The case of Clunin v. First Federal Trust Co., 189 Cal. 248 [ 207 P. 1009], is relied upon by respondents. It was there held that checks by themselves which contain no reference to the obligation, do not meet the requirements of said last-mentioned section. This is according to the weight of authority. (See note in 125 A.L.R., p. 271.) In the Clunin case the checks covered not only the interest due, but other obligations as well. Here, the checks were for the precise amount of the interest due. This certainly was notice to the mortgagee of the purpose for which the payment was made. In this action it is also alleged that receipts were sent out by the mortgagee for all such payments, in the form shown above. The cases are therefore readily distinguishable on the facts.

We have examined the other authorities cited by respondents, and find none which cannot be reconciled with the Searles case. It may be said, however, that the latter case for the first time lays down the rule that the writing mentioned in said section 360 does not necessarily have to be confined to one paper or document, but the acknowledgment or promise may be inferred from several communications between the creditor and debtor. This follows the general rule in this state governing said section. [2] It is well established that the code section does not prescribe any form in which an acknowledgment or promise sufficient to lift the ban of the statute of limitations shall be made. It is sufficient if it shows the writer treats the indebtedness as subsisting and one which the debtor is liable and willing to pay. From this acknowledgment the law implies the promise to pay. ( Concannon v. Smith, 134 Cal. 14, 20 [ 66 P. 40]; Foster v. Bowles, 138 Cal. 346, 351 [ 71 P. 494, 649]; Clunin v. First Fed. Trust Co., supra. The complaint, therefore, stated a cause of action.

[3] Respondents contend, however, that while recovery might be had upon the note, the complaint shows that the right to foreclose the mortgage has been lost. The law governing the question is stated in 16 Cal. Jur., page 596, section 193, to be as follows:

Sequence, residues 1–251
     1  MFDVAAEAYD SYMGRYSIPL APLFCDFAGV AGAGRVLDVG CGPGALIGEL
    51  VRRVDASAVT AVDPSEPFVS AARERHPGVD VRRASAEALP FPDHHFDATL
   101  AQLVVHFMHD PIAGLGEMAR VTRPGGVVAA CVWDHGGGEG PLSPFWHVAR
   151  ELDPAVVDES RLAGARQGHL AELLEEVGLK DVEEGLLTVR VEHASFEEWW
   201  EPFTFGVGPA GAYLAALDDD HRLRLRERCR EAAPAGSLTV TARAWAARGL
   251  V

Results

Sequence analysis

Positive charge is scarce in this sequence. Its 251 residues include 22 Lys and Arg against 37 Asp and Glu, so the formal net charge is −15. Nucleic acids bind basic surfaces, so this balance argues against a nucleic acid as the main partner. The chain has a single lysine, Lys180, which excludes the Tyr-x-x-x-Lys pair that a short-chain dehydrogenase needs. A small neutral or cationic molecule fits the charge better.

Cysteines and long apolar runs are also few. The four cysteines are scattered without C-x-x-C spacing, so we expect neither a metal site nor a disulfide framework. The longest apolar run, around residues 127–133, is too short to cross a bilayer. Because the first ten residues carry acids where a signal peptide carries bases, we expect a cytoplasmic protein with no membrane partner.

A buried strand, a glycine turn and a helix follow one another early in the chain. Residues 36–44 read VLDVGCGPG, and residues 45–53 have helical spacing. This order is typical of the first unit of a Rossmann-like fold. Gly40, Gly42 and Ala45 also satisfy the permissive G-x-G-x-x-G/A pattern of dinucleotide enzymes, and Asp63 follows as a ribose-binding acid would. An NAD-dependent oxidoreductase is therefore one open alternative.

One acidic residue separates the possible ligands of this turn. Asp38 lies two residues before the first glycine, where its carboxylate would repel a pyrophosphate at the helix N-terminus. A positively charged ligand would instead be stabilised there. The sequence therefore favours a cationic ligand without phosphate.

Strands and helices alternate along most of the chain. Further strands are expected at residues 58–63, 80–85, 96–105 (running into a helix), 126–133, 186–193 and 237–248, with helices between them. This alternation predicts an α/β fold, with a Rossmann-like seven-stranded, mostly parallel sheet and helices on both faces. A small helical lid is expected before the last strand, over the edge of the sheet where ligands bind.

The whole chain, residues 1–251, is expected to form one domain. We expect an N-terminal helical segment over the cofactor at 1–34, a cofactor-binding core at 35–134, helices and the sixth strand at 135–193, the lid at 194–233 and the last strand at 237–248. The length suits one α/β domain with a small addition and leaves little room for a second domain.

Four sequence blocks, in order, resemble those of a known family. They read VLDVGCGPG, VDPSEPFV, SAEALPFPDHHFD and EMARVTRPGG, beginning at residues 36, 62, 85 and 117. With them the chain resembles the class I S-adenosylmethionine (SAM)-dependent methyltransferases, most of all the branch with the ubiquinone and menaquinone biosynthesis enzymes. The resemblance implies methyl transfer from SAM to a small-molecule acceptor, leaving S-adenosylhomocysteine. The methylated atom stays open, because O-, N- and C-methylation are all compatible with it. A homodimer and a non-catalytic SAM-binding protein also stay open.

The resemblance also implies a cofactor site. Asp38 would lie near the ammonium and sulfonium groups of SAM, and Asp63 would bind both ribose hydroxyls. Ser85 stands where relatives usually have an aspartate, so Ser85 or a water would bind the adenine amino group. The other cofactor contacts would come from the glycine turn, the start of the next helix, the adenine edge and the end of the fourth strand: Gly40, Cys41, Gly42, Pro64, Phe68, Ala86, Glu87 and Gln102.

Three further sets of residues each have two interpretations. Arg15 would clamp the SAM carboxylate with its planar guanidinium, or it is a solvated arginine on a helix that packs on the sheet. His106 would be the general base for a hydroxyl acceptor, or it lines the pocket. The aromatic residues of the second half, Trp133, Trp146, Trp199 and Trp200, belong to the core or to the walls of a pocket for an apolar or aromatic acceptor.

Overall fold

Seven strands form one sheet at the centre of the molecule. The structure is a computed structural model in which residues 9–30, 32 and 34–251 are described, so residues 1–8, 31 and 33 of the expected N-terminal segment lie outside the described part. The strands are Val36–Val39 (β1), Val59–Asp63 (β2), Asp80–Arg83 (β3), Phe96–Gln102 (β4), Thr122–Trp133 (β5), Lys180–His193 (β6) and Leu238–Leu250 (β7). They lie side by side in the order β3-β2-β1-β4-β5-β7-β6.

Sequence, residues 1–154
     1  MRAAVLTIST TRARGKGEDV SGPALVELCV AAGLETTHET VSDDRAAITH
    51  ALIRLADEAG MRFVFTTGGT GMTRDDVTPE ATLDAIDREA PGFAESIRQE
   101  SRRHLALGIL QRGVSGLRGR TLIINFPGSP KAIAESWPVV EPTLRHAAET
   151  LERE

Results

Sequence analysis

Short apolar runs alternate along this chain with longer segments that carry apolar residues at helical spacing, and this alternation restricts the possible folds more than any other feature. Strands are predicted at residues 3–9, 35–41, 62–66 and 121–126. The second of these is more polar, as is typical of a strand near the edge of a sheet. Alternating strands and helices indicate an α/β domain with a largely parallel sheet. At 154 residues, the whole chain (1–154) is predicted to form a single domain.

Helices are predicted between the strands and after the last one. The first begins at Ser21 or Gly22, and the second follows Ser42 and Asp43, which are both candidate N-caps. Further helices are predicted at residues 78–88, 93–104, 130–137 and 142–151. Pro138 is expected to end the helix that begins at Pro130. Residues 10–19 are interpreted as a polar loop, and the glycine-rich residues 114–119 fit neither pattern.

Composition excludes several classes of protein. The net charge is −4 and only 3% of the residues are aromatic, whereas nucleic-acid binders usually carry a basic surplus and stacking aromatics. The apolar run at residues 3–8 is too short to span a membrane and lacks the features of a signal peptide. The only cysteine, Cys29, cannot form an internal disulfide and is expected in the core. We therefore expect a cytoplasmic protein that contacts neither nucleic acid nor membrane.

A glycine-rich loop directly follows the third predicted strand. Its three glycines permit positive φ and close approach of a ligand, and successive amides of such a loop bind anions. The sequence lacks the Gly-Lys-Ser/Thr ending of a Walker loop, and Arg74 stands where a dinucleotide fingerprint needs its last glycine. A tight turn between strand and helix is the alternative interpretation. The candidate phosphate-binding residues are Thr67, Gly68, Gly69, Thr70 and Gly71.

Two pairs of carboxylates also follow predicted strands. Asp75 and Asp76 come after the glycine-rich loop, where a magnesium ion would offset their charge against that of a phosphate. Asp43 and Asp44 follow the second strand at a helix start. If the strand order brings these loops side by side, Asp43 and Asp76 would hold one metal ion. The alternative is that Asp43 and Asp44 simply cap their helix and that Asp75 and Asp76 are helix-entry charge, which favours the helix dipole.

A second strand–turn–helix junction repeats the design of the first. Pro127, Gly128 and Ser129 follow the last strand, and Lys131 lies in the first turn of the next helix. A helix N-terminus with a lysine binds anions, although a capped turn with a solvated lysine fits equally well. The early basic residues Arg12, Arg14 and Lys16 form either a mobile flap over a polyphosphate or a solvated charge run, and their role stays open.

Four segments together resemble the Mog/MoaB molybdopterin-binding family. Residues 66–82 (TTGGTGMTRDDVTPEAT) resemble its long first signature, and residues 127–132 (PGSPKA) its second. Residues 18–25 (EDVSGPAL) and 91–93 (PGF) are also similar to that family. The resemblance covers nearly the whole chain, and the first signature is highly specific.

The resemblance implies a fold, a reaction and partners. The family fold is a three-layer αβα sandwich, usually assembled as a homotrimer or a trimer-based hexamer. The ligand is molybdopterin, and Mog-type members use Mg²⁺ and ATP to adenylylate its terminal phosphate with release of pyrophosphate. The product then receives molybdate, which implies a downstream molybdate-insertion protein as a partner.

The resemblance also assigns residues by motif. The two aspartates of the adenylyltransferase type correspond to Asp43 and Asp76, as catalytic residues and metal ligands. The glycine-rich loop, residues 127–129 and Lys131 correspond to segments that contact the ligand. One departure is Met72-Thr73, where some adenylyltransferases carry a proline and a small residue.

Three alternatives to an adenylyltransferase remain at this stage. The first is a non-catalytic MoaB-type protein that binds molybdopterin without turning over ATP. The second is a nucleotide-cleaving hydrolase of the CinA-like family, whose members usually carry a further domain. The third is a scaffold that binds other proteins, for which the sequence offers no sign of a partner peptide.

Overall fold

"Applying to a debt secured by a lien the rule that an acknowledgment of a debt before it has become barred is to continue the obligation for an additional term, the effect is that the lien is not extinguished by the lapse of the time prescribed for bringing an action upon the original obligation, but the lien is extended for the period in which the obligation is kept alive. If the statutory period has run upon the principal obligation, a lien given as security therefor is extinguished, and a new promise or acknowledgment afterwards made does not revive or renew the lien."

From the complaint it appears that the note would have been barred by the statute of limitations on July 2, 1933, some six years prior to the commencement of this action. It alleges, however, that the sending of the checks and receipts commenced in 1931. It is for the trial court to find, if there is a retrial of this cause, whether or not the action was barred before the new contract was made. We cannot say that the complaint shows that the right to foreclose the mortgage was thus lost.

The judgment is reversed, with directions to the trial court to overrule the demurrer.

Thompson, J., and Pullen, P.J., concurred.

Respondents' petition for a hearing by the Supreme Court was denied August 14, 1941.

Summaries of

Van Cauteren v. Forger

Court of Appeal of California, Third District
Jun 16, 1941
45 Cal.App.2d 388 (Cal. Ct. App. 1941)
Case details for

Van Cauteren v. Forger

Case Details

Full title:E.H. VAN CAUTEREN, Appellant, v. ALBERT H. FORGER et al., Respondents

Court:Court of Appeal of California, Third District

Date published: Jun 16, 1941


45 Cal.App.2d 388 (Cal. Ct. App. 1941)
114 P.2d 6